UNESCO and the Women’s Media Centre are promoting media freedom through the project “Strengthening Media Development and Freedom of Expression in Cambodia”, having seen women journalists and media workers face increasing offline and online attacks that make them subject to disproportional, and often specific, threats.

The one-year project was funded by the UK embassy and was launched on March 7 at an event in Phnom Penh, attended by around 50 people, most of them journalists and people working in the media industry.

Mikel Aguirre Idiaquez, head of communications and media for UNESCO Cambodia, said that globally, women journalists and media workers face increasing offline and online attacks. He added that a recent study conducted by UNESCO, which included Cambodian reporters, concluded that 73 per cent of women media workers experienced online threats or harassment.

The gender-based intimidation they are exposed to implies stigmatisation, sexist hate speech, trolling, threats of physical assault, rape and even murder. This makes the need to combat the problem even more urgent.

“UNESCO works closely with partners to advocate the safety of women journalists. With the support of the Global Media Defence Fund [GMDF], Women’s Media Centre is implementing the project to enhance protection mechanisms, promote peer support networks, and improve the access of journalists to specialised legal assistance to promote their safety,” he said.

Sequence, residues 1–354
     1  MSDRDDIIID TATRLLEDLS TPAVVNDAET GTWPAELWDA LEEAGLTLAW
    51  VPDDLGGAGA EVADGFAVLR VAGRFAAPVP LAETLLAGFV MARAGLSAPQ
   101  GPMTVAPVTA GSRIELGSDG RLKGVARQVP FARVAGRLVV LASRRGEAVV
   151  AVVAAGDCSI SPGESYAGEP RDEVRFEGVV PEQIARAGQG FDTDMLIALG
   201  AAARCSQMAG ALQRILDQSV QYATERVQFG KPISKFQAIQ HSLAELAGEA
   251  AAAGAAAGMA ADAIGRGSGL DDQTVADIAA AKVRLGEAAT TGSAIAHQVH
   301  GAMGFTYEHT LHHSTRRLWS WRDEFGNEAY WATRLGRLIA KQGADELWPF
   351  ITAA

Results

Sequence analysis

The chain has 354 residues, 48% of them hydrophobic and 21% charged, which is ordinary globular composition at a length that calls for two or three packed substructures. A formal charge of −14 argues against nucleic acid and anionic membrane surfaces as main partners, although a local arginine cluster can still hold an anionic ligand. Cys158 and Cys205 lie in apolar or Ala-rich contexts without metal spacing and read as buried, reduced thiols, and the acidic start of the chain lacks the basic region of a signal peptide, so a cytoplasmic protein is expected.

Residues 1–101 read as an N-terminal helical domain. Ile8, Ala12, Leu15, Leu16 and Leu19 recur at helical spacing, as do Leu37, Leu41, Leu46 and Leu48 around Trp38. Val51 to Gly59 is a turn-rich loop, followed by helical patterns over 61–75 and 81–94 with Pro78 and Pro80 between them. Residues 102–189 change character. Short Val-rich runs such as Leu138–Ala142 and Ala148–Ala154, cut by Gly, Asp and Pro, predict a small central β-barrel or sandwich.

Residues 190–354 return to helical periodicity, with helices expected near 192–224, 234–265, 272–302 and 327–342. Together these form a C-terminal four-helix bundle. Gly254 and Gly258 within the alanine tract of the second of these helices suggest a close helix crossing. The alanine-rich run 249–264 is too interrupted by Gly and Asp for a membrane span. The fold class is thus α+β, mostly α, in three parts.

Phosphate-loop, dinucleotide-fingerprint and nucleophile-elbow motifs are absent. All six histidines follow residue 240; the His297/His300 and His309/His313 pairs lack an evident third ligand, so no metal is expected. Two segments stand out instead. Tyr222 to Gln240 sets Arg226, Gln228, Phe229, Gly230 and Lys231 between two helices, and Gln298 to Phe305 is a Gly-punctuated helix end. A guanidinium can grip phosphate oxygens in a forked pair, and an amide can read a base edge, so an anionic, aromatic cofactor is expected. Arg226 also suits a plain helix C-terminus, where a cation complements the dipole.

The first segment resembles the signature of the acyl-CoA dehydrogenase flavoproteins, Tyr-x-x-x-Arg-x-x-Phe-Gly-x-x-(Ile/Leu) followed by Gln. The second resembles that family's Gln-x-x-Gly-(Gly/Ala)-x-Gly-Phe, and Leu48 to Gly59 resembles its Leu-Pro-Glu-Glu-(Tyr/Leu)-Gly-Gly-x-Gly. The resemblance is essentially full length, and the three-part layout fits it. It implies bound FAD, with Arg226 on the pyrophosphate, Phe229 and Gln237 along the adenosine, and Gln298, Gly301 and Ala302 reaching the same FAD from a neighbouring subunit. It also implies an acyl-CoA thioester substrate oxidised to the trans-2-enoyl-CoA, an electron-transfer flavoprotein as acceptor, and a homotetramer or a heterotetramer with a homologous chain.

Ung Chanthol, executive director of the Women’s Media Centre, said that the project will be implemented for one year in the first step to form networks of women journalists.

She added that having mobilised the women to participate in the project, it will provide support and create a forum for women journalists to be able to discuss and raise challenges or suggest solutions.

“We can do this project in the long term to help women journalists. Commencing on the project, we established a network of 40 women journalists. So, we have to convene a monthly meeting so that they can visit and can help with ideas and opinions in dividing resources or information with each other. The project will also provide training for them when their group wants to learn something more. We will make preparations for them,” she stated.

Chhorn Reaksmey of Kiripost Media said that as a new woman journalist, she understood that support and protection for women journalists are good as this career tends to last for a short time.

“When faced with a problem, I try to deal with it and control my emotions. I wish there were laws in our country to protect women journalists, because when a woman encounters a situation, it always hurts her emotionally, and I do not know who to consult with or share this fear with, because it feels shameful and I feel I must hide it,” she said.

Hang Samphors, head of Cambodian Female Journalists (CFJ), said that the project will provide women journalists with support to address the issues they face, physically, mentally and legally.

“I expect that relevant stakeholders, especially the competent institutions, will participate and cooperate to make it easier for women journalists and provide them with information as needed, because journalists need the necessary cooperation from the authorities. Without this cooperation, we women aren’t able to disseminate information,” she said.